Chapter 5.4, Page 2 of 3

Alluvial Aquifer

The alluvium in the Yampa River basin typically consists of unconsolidated deposits of clay, silt, sand, and gravel. The saturated thickness of the Yampa River alluvium ranges from 10 to 100 feet. In the tributary valleys, the saturated portion of the alluvium is generally less than 20 feet thick. Alluvium can be thin or absent where the streams cross hard, resistant bedrock such as sandstone, and thick and wide where the streams cross less resistant bedrock such as shale.

Sand and gravel deposited as bars during high flows
represent modern alluvium.
Photo by C. Carroll, CGS.

Recharge of the alluvial aquifer occurs mainly from bank storage during spring runoff, leakage of irrigation ditches and laterals, and underflow from sedimentary rock aquifers. The Browns Park and Fort Union Formations (Tertiary age) discharge to the alluvium where the alluvium overlies these formations.

Published depths for alluvial wells in this basin range from 5 to 190 feet and average about 30 feet deep. The Division of Water Resources well permit database contains approximately 337 wells that have been completed in the Yampa River alluvium. Ninety percent of these wells have been completed at depths less than 140 feet, with a mean depth of 63 feet.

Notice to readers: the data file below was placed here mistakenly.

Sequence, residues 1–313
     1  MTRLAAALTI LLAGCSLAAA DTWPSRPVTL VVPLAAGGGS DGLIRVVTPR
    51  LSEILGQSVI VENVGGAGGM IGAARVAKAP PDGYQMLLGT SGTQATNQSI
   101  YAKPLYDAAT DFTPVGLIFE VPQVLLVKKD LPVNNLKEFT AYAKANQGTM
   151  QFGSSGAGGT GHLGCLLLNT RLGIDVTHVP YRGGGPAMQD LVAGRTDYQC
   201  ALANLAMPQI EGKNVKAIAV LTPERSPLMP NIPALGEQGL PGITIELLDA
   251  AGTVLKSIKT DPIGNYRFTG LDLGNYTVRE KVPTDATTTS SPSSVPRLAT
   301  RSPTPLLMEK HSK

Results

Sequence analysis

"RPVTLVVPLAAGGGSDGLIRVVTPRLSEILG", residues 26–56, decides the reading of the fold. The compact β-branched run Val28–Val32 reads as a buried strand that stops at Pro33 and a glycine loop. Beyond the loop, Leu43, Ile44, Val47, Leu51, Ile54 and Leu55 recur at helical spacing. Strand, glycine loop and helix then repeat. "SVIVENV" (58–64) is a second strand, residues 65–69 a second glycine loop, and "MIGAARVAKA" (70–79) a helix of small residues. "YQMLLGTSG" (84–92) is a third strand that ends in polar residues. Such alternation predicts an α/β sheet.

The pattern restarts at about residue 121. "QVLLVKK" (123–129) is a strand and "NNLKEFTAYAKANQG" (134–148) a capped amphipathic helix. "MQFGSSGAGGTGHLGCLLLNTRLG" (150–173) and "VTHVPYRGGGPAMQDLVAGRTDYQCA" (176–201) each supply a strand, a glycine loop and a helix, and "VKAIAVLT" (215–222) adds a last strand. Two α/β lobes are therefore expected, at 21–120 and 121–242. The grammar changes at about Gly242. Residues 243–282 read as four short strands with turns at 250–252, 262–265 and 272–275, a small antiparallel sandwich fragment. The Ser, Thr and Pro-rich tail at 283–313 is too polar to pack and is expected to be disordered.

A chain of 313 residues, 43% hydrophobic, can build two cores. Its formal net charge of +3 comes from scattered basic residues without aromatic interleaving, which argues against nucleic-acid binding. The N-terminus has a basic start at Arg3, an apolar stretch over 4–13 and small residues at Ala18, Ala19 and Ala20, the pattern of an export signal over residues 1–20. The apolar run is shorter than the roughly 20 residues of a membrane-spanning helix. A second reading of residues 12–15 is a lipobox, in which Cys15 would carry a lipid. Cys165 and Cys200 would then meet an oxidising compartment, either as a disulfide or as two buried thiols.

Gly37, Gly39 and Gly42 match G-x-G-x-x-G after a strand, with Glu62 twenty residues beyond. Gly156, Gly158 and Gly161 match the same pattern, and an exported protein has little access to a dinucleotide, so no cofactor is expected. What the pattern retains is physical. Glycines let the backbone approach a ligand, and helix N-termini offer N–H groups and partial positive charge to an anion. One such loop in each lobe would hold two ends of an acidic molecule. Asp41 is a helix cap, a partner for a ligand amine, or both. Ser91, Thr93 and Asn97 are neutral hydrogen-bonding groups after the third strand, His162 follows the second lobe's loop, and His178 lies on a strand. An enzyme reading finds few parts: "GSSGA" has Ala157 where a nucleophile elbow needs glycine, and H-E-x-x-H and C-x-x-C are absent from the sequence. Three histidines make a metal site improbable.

Water Levels/Aquifer Characteristics

Published water levels in alluvial wells range from 0 (at land surface) to 41 feet below ground surface, averaging about 10 feet. The alluvium is generally a water table aquifer and water levels will fluctuate seasonally with stages in the adjacent surface water courses.

Yields from alluvial wells in this basin have been reported from five to several hundred gallons per minute with the highest yields from the Yampa River alluvium near Steamboat Springs, Hayden, and Craig. A close inspection of alluvial wells in the Yampa River basin indicates that domestic water supply wells with yields of 15 gpm or less predominate.

Although information about hydrologic aquifer characteristics for the alluvium in the Yampa River basin are scarce, published values for hydraulic conductivity of the alluvium ranges from 1.9 to 28.8 feet per day. These values are typical for fine- to coarse-grained sand.

Chapter 5.4, Page 2 of 3